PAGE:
TerraCotta Bones (terracottabones) wrote in fm_alchemist,
TerraCotta Bones

Fic: Hot Coffee

Crossposted! Sorry!

Author: TerraCotta Bones
Title: Hot Coffee
Ed_Winry Christmas Contest Theme: Hot Coffee
Genre: General/Romance/Angst
Pairing: Well...duh. 
Spoiler: Up to episode 25?
Rating: PG
A/N: If you read "Drink In" on FF.net...I guess you could consider this in the same timeline.

“A lovely thing about Christmas is that it's compulsory, like a thunderstorm, and we all go through it together.”
--Garrison Keillor


Snow fell like the rain of winter onto a tinkling, jingle bell city.

That’s what Central became for a few days a year, not the headquarters of the government or the place where Hughes died – no history and no terror and no ringing determination. Just a few people in a small house with a wrought iron fence and iced over gardens, icicles on the trees, shine on the sidewalk.

When Ed woke up that morning, he could feel it before he even opened his eyes – a sleepy, falling white, all over the city. He laid there and drifted back to days past for a while, days where he and Al and Winry had rushed out the morning after a blizzard and built snowmen shaped like marshmallows and Den. Like the days when Nina was alive, and he’d grown flowers with Al out of the frozen ground – like the days in Germany when his father brought him up to the roof of their townhouse to watch the city bathe in the shower from the sky.

Just as he was mulling over these old things in his mind, Winry came in and sat on his bed. She looked warm in a nightgown, robe and slippers. But he knew by the pink on her nose that it was much colder out from under the covers than he cared to find out, so he just wriggled and moved closer.

“Hello, sleepyhead,” she murmured, yawning. “Merry Christmas Eve.”

He smiled, stretched and, catching her contagion, yawned. “Yeah. Merry Christmas.”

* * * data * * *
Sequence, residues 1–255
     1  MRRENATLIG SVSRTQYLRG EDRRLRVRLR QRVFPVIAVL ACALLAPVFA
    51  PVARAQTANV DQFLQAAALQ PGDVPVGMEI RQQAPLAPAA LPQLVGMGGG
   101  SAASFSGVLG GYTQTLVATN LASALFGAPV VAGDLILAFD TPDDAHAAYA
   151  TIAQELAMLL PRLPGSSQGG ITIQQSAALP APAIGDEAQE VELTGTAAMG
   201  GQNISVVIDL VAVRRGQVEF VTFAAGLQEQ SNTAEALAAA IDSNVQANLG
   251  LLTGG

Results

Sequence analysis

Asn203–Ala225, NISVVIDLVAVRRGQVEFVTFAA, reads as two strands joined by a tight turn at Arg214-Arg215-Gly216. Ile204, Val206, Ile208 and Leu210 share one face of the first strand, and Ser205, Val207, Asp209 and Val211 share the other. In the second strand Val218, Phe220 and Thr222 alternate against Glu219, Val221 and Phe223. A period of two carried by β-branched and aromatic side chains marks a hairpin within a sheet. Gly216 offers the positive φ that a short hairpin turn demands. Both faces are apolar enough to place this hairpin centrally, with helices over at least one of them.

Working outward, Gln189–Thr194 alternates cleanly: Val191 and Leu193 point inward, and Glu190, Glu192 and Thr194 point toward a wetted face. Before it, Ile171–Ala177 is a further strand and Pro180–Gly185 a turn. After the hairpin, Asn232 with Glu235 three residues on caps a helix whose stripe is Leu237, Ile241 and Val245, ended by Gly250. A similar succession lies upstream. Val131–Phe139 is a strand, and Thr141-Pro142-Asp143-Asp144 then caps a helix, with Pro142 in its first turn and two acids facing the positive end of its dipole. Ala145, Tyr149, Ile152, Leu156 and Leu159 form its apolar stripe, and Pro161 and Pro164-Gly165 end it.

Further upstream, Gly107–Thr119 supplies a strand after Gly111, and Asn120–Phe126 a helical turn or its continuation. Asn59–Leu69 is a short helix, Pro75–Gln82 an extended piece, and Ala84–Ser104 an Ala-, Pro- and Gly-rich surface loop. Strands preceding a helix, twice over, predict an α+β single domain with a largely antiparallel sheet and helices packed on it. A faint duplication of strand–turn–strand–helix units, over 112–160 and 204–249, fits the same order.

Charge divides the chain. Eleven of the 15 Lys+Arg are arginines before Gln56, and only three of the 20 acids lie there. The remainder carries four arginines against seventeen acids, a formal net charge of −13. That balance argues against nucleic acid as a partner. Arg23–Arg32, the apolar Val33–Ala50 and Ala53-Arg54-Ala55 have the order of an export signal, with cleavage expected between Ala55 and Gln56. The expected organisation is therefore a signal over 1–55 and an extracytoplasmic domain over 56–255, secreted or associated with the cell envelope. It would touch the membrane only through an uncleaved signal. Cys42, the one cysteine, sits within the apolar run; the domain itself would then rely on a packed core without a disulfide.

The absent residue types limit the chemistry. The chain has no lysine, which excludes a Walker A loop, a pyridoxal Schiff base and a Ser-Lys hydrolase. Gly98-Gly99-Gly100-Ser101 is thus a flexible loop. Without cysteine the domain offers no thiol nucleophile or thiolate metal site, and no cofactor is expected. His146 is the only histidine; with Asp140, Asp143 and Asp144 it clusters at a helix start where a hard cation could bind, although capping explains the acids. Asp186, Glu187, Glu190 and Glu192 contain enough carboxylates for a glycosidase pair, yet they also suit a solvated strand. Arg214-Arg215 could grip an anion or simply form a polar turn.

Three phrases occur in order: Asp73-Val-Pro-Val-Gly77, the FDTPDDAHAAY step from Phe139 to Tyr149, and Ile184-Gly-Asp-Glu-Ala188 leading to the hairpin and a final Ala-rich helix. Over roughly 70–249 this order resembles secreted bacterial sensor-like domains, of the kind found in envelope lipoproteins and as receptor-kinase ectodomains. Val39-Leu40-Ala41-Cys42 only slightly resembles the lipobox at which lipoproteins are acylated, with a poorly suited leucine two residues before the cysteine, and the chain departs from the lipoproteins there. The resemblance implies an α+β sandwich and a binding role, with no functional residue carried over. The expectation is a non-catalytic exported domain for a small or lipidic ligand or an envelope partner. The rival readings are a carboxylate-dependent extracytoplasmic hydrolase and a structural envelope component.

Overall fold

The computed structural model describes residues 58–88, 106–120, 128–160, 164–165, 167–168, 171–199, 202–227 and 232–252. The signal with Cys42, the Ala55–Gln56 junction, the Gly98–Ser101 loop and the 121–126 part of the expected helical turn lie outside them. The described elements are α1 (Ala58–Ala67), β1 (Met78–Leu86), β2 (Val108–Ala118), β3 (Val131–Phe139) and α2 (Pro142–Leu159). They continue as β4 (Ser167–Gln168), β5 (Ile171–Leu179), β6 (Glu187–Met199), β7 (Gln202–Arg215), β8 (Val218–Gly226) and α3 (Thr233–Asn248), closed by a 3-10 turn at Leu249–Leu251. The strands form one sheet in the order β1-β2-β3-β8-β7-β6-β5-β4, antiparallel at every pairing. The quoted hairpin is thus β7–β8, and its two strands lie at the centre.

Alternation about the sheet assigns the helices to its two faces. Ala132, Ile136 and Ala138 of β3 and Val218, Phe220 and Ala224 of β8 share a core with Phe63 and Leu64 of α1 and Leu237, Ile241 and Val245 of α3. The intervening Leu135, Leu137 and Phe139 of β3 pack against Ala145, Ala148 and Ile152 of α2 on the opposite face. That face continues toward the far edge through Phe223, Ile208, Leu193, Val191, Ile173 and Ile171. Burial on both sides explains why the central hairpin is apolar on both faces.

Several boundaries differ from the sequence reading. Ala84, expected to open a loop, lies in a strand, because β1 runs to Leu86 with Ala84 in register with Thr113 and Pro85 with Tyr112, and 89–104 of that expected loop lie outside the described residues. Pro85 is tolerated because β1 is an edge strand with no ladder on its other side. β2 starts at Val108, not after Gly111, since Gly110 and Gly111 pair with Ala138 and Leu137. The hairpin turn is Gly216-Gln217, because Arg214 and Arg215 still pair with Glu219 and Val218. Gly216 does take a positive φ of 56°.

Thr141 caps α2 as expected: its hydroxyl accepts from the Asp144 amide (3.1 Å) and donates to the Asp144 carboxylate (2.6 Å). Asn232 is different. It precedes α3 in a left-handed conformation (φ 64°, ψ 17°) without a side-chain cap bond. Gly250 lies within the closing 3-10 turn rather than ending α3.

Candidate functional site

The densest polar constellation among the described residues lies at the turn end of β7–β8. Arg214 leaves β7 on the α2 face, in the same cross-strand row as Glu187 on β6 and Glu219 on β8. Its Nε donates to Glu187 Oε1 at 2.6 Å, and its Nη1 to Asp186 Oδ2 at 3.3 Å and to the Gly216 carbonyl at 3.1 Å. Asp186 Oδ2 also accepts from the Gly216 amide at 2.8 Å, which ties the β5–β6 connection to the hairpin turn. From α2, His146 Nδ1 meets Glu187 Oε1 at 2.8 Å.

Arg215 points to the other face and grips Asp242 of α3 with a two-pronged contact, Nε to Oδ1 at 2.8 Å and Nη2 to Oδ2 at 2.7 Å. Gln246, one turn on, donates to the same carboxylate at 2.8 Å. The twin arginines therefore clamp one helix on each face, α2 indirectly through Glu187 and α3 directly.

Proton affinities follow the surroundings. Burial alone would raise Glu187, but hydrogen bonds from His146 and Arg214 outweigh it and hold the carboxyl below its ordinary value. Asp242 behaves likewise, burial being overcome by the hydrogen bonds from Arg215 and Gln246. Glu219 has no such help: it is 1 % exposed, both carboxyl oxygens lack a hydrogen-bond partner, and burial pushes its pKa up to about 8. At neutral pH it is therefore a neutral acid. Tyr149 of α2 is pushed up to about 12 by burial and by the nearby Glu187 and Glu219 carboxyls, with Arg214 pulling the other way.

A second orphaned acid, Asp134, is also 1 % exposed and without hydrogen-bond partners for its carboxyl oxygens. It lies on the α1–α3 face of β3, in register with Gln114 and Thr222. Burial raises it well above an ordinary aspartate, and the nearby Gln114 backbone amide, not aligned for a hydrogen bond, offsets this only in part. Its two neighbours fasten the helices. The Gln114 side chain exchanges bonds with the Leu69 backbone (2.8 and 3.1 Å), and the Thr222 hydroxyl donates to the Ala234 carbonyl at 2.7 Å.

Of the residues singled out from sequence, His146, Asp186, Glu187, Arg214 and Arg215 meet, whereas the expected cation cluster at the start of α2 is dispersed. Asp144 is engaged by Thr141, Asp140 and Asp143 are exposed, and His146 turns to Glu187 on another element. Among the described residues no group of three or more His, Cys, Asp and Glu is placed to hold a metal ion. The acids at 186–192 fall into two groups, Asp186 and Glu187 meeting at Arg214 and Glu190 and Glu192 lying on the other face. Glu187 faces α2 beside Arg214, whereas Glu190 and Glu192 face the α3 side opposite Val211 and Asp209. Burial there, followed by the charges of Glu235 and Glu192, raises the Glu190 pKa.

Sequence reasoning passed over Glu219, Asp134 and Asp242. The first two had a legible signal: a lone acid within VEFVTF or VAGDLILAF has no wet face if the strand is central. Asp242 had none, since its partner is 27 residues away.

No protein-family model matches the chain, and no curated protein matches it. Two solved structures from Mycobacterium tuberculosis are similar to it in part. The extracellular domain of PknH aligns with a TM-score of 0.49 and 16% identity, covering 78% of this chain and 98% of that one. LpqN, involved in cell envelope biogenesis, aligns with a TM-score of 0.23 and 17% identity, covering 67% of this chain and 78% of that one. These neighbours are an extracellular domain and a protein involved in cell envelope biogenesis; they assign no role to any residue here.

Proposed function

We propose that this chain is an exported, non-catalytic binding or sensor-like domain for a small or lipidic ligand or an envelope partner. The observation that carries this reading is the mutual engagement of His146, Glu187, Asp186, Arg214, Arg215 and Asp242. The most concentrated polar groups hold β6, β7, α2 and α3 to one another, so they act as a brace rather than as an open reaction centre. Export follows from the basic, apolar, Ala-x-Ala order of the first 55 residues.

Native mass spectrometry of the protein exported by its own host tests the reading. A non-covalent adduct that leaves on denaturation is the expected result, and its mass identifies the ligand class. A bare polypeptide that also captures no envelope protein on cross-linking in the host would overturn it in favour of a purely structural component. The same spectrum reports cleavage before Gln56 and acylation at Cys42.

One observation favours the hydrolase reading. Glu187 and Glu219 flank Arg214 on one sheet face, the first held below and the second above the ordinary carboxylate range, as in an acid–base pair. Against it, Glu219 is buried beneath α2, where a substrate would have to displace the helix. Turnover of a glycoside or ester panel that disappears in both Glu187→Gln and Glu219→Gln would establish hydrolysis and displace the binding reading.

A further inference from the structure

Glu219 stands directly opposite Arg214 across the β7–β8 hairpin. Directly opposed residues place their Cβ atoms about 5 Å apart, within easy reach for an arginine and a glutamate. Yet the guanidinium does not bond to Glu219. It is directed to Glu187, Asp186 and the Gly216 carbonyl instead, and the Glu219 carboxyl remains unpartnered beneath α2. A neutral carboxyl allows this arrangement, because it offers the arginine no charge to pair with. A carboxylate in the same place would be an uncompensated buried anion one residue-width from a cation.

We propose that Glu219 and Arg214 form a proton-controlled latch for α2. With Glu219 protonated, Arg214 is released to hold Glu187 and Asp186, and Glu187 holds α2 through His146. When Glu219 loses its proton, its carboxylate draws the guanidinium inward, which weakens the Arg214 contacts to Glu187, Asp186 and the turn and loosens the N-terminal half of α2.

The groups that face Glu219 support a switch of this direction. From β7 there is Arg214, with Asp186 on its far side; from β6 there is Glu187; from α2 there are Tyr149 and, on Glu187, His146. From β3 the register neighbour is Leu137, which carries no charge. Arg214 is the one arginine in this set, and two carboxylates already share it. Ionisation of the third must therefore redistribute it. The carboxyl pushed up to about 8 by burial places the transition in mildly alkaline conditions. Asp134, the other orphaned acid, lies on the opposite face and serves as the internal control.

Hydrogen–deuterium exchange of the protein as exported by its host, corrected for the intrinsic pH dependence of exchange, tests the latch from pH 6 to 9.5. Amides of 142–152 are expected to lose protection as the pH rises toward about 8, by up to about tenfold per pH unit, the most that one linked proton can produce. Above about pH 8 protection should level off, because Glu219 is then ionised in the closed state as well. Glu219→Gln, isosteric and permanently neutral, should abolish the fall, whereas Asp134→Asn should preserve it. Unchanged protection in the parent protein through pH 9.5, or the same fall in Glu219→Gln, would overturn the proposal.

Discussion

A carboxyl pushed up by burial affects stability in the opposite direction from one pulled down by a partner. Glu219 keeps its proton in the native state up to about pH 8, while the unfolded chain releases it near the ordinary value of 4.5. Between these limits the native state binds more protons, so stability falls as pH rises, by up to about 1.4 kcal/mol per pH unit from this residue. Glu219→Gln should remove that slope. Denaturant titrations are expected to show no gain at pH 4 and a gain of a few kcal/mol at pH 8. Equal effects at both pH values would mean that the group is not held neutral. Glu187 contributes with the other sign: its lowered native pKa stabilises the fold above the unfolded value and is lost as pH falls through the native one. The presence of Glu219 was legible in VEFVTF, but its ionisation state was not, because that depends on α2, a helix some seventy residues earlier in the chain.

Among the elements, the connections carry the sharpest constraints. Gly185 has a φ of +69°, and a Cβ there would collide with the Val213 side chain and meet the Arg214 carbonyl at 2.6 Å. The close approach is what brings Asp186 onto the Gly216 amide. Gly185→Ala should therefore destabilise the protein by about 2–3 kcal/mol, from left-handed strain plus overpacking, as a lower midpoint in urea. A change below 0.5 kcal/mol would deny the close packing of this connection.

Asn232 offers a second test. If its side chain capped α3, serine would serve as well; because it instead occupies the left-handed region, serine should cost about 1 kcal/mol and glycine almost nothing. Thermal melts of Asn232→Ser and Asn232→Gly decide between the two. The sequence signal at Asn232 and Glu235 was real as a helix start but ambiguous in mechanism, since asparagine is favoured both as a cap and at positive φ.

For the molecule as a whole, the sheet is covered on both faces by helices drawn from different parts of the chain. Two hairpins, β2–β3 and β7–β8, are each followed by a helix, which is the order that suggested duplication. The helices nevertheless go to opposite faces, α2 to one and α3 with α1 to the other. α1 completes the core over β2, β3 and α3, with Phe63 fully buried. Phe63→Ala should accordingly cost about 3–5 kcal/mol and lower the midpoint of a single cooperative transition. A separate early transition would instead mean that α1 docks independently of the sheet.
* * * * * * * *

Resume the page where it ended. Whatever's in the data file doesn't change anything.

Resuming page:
She plopped down next to him, curling her legs under her and snuggling her head next to his.

“Look at the snow,” he said.

“I know. They say it’s going to last for a few days. We’ll have a really nice Christmas this year.”

“Hm.” He was quiet for a while, and closed his eyes. He reached a hand out from under the blankets and wrapped it around her fingers, bringing them first to his forehead and then to his lips.

“Did you have a nice trip?” he asked. He opened his eyes for a moment; she nodded. He closed his eyes.  “Granny here?” She nodded again – the sound on the pillow was the same. “Did you get a present for Gracia and Elysia?” Nod. He sighed a long, deep sigh. “Is Al up?” Nod. “Are we still going to that party tonight?” Another nod. He wrinkled his forehead. “Is Mustang gonna be at this party?” He heard the first chimes of a laugh, and she nodded again.

He wanted to fall asleep again after that, and her fingers stroking his hair back only encouraged him. He wanted her to crawl in with him, but he knew she would raise her eyebrows at that, and he didn’t want to watch.

“I’m making coffee,” she said. He groaned a little, not unhappily. She kissed him on the cheek. Her lips were cool and soft. “I’m making coffee,” she said again. He groaned more, but smiled. She was a whole world, and his eyes weren’t even open. She kissed him on the nose, which tickled. “I’m making coffee.” Her voice was music and air; he grumbled like wide and expanding peace after a long war. She kissed him on the side of his mouth. “I’m making coffee.” On the other side. “I’m making coffee.” He was grinning like a fool at this point, eyes stubbornly shut. In his mind she was burning bright. Blue eyes and straw-gold hair and a girl he’d loved ever since he learned how. “Winry.” She kissed him on his chin. Softer now, “I’m making coffee.” He wanted to cry; she was a whole world. He brought both his hands up to her face and pulled her to him; she kissed him full on the mouth. Soft and pink and warm. “I’m making coffee,” she whispered into his lips. He kissed her again, in a sea of white blankets in a sea of white snow. Falling white snow. It was Christmas in 1920, and time never rolls back. For once, he was glad. “You’re making coffee,” he whispered.